Another emerging need that Sr. Rosario and the adult leaders are increasingly concerned about is the teenagers and young adults who are being attracted to gangs. They know that developing resources for this group must be their next priority.
“I and the Hispanic Leaders work to help new immigrants form responsible families who live their Christian values. We work with them to realize their vision of their family’s future in this country that they begin to adopt as their own.”
Funds are Needed
It now appears crucial to identify and train a group of 10 youth leaders who can understand the issues facing immigrant youth and together with the adult leaders (Unidos en Christo) organize effective programs to engage the youth within their ethnic and faith community while assisting them to continue to navigate their acculturation into the United States. Training, support, and funds for programming will enable these youth and adult leaders to continue to intervene through these informal networks.
• 10 youth engaged in leadership development for 15 sessions – $2,000 (Leadership Development program will be led by Sr. Rosario with assistance from the Unidos en Christo leaders)
• Day-long workshops for teenagers $1,000 for 6 workshops-$6,000 (food for 3 meals, snacks and ending with a live-band performance evening)
• Day-long intensive workshops for 5 families with at-risk teenagers- $1,000 for 6 workshops (food, snacks, etc.)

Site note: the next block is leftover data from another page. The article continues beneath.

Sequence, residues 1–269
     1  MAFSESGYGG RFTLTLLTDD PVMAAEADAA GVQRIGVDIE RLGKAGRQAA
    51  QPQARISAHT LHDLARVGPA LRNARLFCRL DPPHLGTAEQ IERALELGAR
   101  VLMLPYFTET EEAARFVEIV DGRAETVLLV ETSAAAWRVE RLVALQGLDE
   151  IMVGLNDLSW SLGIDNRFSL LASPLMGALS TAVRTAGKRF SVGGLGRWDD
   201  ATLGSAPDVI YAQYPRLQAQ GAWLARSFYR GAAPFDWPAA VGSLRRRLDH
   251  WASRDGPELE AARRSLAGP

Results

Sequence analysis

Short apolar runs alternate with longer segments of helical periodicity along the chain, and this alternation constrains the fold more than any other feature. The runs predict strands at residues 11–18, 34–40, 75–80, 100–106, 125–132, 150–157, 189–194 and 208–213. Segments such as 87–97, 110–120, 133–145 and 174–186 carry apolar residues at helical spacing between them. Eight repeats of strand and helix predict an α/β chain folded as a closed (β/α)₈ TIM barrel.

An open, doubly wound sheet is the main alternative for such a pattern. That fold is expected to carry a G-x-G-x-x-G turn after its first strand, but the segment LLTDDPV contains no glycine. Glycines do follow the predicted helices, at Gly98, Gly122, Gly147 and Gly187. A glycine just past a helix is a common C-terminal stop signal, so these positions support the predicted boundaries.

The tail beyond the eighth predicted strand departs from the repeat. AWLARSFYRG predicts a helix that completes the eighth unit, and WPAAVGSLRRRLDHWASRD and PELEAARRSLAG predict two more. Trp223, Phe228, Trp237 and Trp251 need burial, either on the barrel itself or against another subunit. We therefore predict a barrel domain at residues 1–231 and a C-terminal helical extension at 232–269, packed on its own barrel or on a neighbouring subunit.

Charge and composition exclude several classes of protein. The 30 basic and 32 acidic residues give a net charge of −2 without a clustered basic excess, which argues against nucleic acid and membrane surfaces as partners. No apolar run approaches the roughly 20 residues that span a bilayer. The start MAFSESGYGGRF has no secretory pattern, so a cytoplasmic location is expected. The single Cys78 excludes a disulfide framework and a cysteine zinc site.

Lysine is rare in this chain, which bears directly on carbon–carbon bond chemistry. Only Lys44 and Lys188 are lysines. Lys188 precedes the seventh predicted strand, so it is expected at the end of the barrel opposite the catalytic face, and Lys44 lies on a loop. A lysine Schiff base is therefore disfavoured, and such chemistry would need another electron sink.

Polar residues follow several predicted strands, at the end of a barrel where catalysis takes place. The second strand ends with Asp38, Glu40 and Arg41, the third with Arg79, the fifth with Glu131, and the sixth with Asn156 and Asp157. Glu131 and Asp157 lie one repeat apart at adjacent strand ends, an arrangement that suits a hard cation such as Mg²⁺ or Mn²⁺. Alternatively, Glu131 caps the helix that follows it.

• Activities organized by teen and adult leaders- $1,000 for 6 activities
• Fund for referrals to family counseling and drug treatment $5,000
• 1,000 Youth and adult leaders engage families through regular visits (donated service with donated professional consultation from Sr. Rosario)
Funds are needed to assist immigrant families with rental security deposits and crisis rental assistance.
• $500 would provide rental assistance to a family in need.
• $200 would help with paying utilities
Immediate Charitable Response
• $25,000 for rental and security deposit assistance, utilities assistance to assist a minimum of 25 families
• $25,000 to support youth leader training and programming.
Community leaders will be able to assist new immigrants to adjust materially, culturally, emotionally, and spiritually through regular home visits, telephone support, and programming.
Housing Instability: New immigrants will be able to obtain and maintain safe and affordable housing.
Uniting the Community to Help a Mother in Need
When Ms. L called one of the Unidos en Christo leaders, she was frantic. The mother of three teenagers had just been diagnosed with cancer and she had no money for treatment. Her family was just making ends meet with her paycheck. Pausing only a moment, the leader reassured Ms. L that she was not alone and there would be help. Then he hopped into action mobilizing the Hispanic immigrant community.
In a matter of days, all the food had been donated, equipment secured, and volunteers committed for a taco sale. All the money donated for the tacos went directly to Ms. L. The community came out to support Ms. L and she has the payment she needs to begin her treatment. The Unidos en Christo leader and his wife have been to her house and will continue to engage the community to support her through her illness.
The goal of Unidos en Christo is for community leaders to assist new immigrants to adjust materially, culturally, emotionally, and spiritually through regular home visits, telephone support, and programming. This effort to help Ms. L shows the power of an immigrant community banding together.